I don’t know what I’d do without my friends.
They lift me up when I’m sinking, listen patiently to my many stories mostly about myself, celebrate my victories, teach me to knit (and then tolerate when I show up for knitting with nothing to knit), critique my resume, go speed dating with me, invite me to their homes to write and always, always share their wine.
Seriously, between my family, my writing and my friends, I have a very full and happy life.
But aside from the friends I actually know, the ones I spend the day with learning how to shoot guns or going to see Ira Glass, I have a handful of people in my life who I consider to be my friends – I’m sure we’d hit it off – although we’ve never really met.
Now, this could be perceived by some as the very definition of what a stalker might say when found hiding in a stranger’s closet, so stay with me.
Throughout my life, there have been certain writers who have given me hope that I was not alone. Their voices sounded so familiar and they were able to put thoughts and ideas down in words that I, too, had felt but had never been able to express.
“That’s it!” I’d think, reading a certain sentence over and over.
Because on the most basic level, we humans need to feel connected. We want to feel like we’re not alone. It brings comfort to our lives and reassures us that we’re really okay.
When I was a kid, growing up in the 70s, Judy Blume did that for me. Her characters weren’t living on the prairie or trying to solve mysteries but were real girls, some of them even living in New Jersey (like me!), and were strong and had opinions and were confused about things like tampons and pubic hair and friends and boys and all the stuff that filled 12-year old girls’ heads. She let me know I wasn’t the only one struggling to make sense of it all.
I met Anna Quindlen when she was writing her “Life in the Thirties” column in The New York Times and although she was over a decade older than me, I could not only relate to what she wrote about, but it made me want to do the same thing some day.
When I was in the thick of my divorce, I was lucky enough to hear Anna speak at a small gathering about everything from her writing to her kids to politics — and even shook her hand — and later, would ask myself during my darkest days: “What would Anna do?” It became my yardstick for measuring what was acceptable.
Because i knew Anna Quindlen wouldn’t be taking any bullshit.
Then of course along the way I met Nora Eprhon and Tina Fey (the writer), who taught me you could be both smart and funny. I read Bossypants once and have listened to it while driving in the car at least four or five times.
And when I read Sheryl Sandberg’s Lean In, so much of what she wrote resonated with me and we seemed so similar except that she ended up the COO of Facebook and I became a New Jersey housewife.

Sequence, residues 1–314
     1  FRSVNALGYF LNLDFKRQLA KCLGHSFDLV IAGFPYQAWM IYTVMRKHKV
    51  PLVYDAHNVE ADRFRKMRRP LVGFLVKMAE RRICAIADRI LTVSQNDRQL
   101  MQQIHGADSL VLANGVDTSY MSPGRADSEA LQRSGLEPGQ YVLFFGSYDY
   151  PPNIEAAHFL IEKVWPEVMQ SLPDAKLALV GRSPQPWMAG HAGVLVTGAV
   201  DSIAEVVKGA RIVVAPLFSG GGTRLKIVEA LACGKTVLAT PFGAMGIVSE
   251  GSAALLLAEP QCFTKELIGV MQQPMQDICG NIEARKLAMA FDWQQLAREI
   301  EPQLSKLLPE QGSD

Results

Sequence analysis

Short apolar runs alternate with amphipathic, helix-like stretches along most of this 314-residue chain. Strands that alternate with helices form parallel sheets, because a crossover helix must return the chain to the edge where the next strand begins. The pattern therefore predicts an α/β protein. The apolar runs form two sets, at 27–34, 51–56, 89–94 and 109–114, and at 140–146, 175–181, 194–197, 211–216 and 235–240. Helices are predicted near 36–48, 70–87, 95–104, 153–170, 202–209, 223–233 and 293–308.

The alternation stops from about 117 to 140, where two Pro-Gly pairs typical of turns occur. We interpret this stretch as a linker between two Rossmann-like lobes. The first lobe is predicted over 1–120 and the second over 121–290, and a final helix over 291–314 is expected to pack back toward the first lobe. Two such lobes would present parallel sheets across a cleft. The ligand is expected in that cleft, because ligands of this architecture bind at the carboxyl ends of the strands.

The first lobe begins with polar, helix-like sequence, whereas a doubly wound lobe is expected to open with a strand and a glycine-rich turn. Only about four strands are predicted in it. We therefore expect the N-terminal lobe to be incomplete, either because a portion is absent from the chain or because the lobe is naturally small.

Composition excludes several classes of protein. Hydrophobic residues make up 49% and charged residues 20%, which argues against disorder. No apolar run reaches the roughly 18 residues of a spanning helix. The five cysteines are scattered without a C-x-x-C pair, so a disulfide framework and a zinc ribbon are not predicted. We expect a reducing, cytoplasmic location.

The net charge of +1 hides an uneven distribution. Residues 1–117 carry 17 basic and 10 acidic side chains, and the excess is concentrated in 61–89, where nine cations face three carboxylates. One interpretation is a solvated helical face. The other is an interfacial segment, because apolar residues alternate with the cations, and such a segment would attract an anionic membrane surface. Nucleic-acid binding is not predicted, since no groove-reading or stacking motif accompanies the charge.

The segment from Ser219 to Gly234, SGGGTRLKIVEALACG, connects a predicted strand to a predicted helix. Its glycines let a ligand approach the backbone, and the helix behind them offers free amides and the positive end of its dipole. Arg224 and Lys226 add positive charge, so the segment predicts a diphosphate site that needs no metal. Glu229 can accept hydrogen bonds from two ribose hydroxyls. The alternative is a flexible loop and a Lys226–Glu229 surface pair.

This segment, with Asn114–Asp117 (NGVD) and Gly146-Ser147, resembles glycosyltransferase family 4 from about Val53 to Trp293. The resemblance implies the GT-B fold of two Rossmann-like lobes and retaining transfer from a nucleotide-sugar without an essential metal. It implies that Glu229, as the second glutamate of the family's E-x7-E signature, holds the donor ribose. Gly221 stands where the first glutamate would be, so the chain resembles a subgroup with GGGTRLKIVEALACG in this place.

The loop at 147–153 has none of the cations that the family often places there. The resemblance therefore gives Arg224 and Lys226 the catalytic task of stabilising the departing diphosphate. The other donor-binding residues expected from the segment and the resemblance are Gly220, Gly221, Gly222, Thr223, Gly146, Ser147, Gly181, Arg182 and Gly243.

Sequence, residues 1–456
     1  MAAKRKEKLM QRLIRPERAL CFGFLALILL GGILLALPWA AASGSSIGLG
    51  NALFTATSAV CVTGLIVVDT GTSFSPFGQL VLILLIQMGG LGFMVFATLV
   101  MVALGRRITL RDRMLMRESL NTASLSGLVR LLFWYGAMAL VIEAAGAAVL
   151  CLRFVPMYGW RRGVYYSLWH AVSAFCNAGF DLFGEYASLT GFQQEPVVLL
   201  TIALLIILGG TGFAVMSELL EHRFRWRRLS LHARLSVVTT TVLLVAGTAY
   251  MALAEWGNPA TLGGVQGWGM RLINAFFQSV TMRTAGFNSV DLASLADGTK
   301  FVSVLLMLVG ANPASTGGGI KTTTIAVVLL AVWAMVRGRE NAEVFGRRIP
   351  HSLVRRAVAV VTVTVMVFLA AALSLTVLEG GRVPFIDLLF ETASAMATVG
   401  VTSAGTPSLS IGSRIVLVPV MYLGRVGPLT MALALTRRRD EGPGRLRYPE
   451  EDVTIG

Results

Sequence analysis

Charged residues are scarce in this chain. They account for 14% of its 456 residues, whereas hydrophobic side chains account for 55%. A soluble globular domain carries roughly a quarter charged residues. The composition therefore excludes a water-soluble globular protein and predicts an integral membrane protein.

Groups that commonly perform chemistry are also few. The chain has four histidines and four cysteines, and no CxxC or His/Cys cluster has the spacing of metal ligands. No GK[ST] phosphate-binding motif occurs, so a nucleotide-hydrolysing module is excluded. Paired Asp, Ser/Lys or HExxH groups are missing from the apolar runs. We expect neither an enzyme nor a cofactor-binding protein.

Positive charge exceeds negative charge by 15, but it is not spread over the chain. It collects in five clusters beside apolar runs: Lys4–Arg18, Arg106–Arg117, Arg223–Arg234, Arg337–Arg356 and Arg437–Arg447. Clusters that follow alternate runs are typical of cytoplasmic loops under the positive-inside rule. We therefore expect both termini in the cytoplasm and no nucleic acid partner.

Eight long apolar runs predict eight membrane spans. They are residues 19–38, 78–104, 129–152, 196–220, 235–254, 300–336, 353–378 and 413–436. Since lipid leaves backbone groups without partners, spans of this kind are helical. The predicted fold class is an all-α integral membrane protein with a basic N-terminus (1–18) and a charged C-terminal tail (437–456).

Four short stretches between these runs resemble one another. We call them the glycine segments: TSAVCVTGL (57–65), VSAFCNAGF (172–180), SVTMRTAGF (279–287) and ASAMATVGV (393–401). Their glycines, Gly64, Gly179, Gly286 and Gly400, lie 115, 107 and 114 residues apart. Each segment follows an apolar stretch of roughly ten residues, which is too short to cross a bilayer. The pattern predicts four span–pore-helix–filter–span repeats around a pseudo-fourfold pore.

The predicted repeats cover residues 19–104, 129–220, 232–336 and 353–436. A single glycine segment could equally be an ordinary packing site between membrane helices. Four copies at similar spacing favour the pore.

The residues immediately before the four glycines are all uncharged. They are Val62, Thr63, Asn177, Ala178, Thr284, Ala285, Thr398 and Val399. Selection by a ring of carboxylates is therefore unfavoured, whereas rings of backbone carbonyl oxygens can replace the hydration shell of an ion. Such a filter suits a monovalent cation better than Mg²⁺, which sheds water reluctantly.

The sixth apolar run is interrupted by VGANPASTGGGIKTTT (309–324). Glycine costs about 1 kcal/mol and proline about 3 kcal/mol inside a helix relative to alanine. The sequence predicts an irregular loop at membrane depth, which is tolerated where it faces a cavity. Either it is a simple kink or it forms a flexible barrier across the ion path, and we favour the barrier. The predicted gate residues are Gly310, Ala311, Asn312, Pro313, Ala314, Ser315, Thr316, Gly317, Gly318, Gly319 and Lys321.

More recently, I’ve gotten to know Ann Patchett, Anne Lamott and Dani Shapiro and through their essays I am inspired as a woman and a writer.
I met my girl Kelly Corrigan, so to speak, when her first book arrived in my mailbox courtesy of one of my college pals who lives in D.C. and happens to be friends with Kelly’s college roommate. My friend had gone to one of Kelly’s book signings and for whatever reason, had thought of me and shipped the book to New Jersey.
The Middle Place was published right around the time my 18-year marriage was falling apart and while at that point I had a hard time focusing on reading things like the J.Crew catalog, I blew right threw her book.
She’s so likable – funny and smart, not afraid to laugh at herself – that I felt like I knew her. She could totally be a part of my college crew. She’d fit right in.
She came to my neck of New Jersey to read from the book not long after and patiently chatted with almost each and every one of us in the audience as we filed by where she was sitting to get our free copy of her book signed.
“Take notes,” she told me after I shared what I was going through and hoped to write about it some day. And it was that advice that I used to motivate me when I was feeling too sad or lazy to write things down in my journal. Ultimately, I ended up with an entire safe in my closet stuffed with cute notebooks from Target I filled with rants, affirmations and observations of that time in my life.
Last week, a sorority sister messaged me on Facebook to tell me Kelly was on the lookout for photos for a video she was putting together to coincide with the release of her new book, Glitter and Glue.
“You should send her that fantastic shot of you dropping your son off to college. Made me cry when you posted it,” she wrote.
So I did, and not long after Kelly asked if I would email it to her, which I gladly did as well.
“It’s so, so good,” she shot back.
So yesterday I thrilled was to see the photo included (about 4:06 in) as part of a video that accompanies Kelly reading an essay about what she sees as the real adventure that life gives us. It’s the one that’s happening right now. This very second.
Whether we’re siting in the car waiting for basketball practice to end or giving the finger to our teenager behind her back (although some of us aren’t as good as hiding our displeasure from our kids), they are the pieces that make up life’s puzzle, along with Christmas mornings, kindergarten graduations and dropping your oldest kid off at college.
“This is it,” Kelly reminds us.
I’ve loved that picture since my daughter snapped it three years ago and couldn’t think of a better place for it to live right now, even if everyone gets to see my ugly cry.
It’s real, just like Kelly.